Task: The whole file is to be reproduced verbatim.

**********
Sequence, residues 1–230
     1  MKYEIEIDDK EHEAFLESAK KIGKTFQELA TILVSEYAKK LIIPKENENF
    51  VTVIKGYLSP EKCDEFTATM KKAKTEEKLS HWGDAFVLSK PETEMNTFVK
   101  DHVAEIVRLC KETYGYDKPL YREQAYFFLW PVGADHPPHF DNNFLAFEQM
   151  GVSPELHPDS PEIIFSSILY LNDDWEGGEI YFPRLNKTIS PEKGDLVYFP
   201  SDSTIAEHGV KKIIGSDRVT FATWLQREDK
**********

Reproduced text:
Sequence, residues 1–230
     1  MKYEIEIDDK EHEAFLESAK KIGKTFQELA TILVSEYAKK LIIPKENENF
    51  VTVIKGYLSP EKCDEFTATM KKAKTEEKLS HWGDAFVLSK PETEMNTFVK
   101  DHVAEIVRLC KETYGYDKPL YREQAYFFLW PVGADHPPHF DNNFLAFEQM
   151  GVSPELHPDS PEIIFSSILY LNDDWEGGEI YFPRLNKTIS PEKGDLVYFP
   201  SDSTIAEHGV KKIIGSDRVT FATWLQREDK